As you all know, I’m reading this outstanding book Anatomy Of Love; every chapter is fascinating. Right now, I’m on the section on adultery. Dr. Fisher talks a lot about how in many cultures men were the ones that were able to copulate with many women, but women were limited in their affairs. From an anthropological standpoint, this makes sense. Men are/were literally spreading their seed everywhere (and with the higher infant mortality rates of older times, they needed to have a lot of offspring in order to just have a few living offspring) whereas when a woman becomes impregnated she has to carry the baby for nine months, thus for nine months she is only carrying one offspring and is inhibited from the ability to procreate more during that time. A man could impregnate thousands of women in the time that one woman is pregnant with one child. Get my point? Anyway, she has this line which really got me thinking,
“A woman’s worth was measured in two ways: her ability to increase her husband’s property […] and her womb’s capacity to nurture her husband’s seed” (80).
We often forget how primal we, human beings, still are. Of course men used to look for women with good “child bearing hips” who were healthy, with some meat on their bones and color in their skin. They didn’t want a) their wife to die bearing this child and b) the offspring to not have a strong womb to grow in. So, what’s changed? Many men, if not all the men I know, want children. Healthy, smart, strong children. Do the men I know look for someone who will bear them these healthy children? My answer is yes. Even if they don’t realize it, subconsciously, the inner-caveman in them is asking all the questions that the real cavemen did: Will she be strong enough to bear these children? Does she have good features to pass on? Will she die in childbirth?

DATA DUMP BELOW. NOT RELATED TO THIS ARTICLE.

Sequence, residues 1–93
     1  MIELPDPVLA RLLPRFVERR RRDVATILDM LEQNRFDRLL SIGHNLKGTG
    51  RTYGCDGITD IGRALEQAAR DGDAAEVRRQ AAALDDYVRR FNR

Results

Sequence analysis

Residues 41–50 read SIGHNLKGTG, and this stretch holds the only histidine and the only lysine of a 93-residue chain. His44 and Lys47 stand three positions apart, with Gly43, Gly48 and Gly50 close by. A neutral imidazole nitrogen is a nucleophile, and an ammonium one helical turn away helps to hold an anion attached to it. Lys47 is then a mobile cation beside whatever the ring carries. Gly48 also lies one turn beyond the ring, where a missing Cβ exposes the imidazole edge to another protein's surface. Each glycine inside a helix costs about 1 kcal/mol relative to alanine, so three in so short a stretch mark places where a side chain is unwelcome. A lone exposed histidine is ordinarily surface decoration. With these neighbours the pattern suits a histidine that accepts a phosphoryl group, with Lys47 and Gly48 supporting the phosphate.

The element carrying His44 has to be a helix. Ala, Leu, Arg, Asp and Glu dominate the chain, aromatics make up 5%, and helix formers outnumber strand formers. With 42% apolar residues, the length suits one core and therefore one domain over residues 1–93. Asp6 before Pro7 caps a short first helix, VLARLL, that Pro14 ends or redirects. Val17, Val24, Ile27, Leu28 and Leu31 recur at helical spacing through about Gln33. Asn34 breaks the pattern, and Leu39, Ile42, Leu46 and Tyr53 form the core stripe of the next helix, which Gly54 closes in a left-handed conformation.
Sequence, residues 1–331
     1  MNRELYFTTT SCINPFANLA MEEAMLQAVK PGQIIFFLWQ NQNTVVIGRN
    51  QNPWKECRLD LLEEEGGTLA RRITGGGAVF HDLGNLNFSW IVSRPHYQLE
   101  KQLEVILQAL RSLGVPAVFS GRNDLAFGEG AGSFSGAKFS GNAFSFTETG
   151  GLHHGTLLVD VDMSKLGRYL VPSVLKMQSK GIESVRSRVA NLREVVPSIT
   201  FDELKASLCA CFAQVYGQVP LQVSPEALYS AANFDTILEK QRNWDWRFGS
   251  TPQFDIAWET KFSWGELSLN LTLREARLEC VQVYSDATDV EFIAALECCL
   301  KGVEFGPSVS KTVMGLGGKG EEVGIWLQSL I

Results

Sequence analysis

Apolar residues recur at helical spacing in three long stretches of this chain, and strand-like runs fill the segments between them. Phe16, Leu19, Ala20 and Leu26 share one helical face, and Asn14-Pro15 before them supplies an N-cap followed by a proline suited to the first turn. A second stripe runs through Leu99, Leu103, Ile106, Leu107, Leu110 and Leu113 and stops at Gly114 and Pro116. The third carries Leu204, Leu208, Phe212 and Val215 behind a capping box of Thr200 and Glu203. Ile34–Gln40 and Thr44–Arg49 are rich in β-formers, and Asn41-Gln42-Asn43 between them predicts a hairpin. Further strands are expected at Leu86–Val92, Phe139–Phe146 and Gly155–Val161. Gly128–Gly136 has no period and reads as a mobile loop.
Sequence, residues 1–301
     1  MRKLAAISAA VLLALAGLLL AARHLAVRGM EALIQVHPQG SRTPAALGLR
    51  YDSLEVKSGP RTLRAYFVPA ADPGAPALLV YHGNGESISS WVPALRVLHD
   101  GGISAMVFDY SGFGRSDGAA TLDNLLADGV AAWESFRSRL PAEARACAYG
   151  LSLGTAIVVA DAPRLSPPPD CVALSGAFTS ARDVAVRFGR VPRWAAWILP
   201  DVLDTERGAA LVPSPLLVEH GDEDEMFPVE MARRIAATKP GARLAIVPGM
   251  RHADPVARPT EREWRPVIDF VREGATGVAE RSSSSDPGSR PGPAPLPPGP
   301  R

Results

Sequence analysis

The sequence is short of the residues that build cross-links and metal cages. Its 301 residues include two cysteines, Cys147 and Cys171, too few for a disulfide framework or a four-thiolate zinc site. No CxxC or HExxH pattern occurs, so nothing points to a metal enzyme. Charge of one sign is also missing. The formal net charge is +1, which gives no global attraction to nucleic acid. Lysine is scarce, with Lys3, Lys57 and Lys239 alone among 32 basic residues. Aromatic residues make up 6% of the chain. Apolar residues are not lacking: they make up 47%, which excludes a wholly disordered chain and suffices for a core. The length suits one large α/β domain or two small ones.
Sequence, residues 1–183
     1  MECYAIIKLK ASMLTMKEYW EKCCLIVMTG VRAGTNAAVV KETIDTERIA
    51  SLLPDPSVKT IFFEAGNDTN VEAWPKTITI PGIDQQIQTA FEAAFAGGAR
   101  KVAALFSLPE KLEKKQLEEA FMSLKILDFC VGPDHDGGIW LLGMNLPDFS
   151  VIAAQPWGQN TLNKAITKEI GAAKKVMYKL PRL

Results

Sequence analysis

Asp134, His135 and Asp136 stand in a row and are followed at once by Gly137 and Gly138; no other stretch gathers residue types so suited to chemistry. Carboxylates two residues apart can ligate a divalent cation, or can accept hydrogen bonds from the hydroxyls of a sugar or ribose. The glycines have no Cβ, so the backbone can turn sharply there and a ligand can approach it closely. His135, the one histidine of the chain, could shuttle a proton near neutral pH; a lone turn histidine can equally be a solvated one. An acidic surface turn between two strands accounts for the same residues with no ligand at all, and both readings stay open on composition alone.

How do I know they’re thinking these things? Because they say so. Not in so many words, however. I’m not lying when I say that every guy I’ve been out on a date/dated in the last few years has mentioned childbirth, babies, baby names, and me being pregnant on one, if not the first, date. No, I’m not kidding. Admiral Adama and I used to discuss it because we were in a long term relationship and at times we did wonder if we were destined to procreate; okay, that’s not so weird. When someone has rubbed your stomach while you’re dying with cramps, talking about pregnancy isn’t so odd. Fine. But what about the last two guys I’ve been on a date with? MedBoy asked me how many kids I want, asked if I thought divorce was genetic (uh, what?), and what sort of names I liked. Baby names on the first date? Who does that? Oh wait, MusicTeach! They BOTH did it. Not only did MusicTeach ask me all about what sort of family I wanted, baby names, how I want to raise my kids, etc. And then he said the thing which, ironically, a lot of guys have said to me: “You’re so small, how are you going to carry a baby?!”
That’s right. I’m 5′ and for some reason, just like people think it’s okay to touch a preggo woman’s stomach, they think it’s okay to ask me how I’m going to carry a child. Uh, I don’t know? The same way every-woman does? In her womb? Why is this an acceptable thing to discuss on a first date? Well, I don’t think it is. I’d like to keep my womb to myself for the first few dates, thank you very much. But, like I said, the primal part of the man is thinking about his survival, his heirs and offspring, and so he’s looking for someone who can aid him in his familial survival. Men are fascinated by this. It’s happened about four times in my life. They stand back, look at me, and say “But you’re so tiny! How are you going to carry a baby for nine months?” They shake their heads, I look astonished that they would say it, and we continue on our way. This is not normal first date behavior…for humans. But, for animals, I guess it is. Animals are on the look out for someone to procreate with; what makes us different than animals?
I do this too, in my own way. Having children is my dream, so whenever I meet a man I tend to look at him and think “Would he stick it out for nine months and more with me?” (Well, not whenever I meet a man; take for example, the guys I used to make out with in college, those men I did not wonder about.) I wonder if he would provide for me and my offspring, whether his “genetic stock” is good, etc. We all do it, but we don’t talk about it. Perhaps men are looking less for the perfect woman than they are the perfect womb-an?
Have you ever had a man make a comment about you bearing children?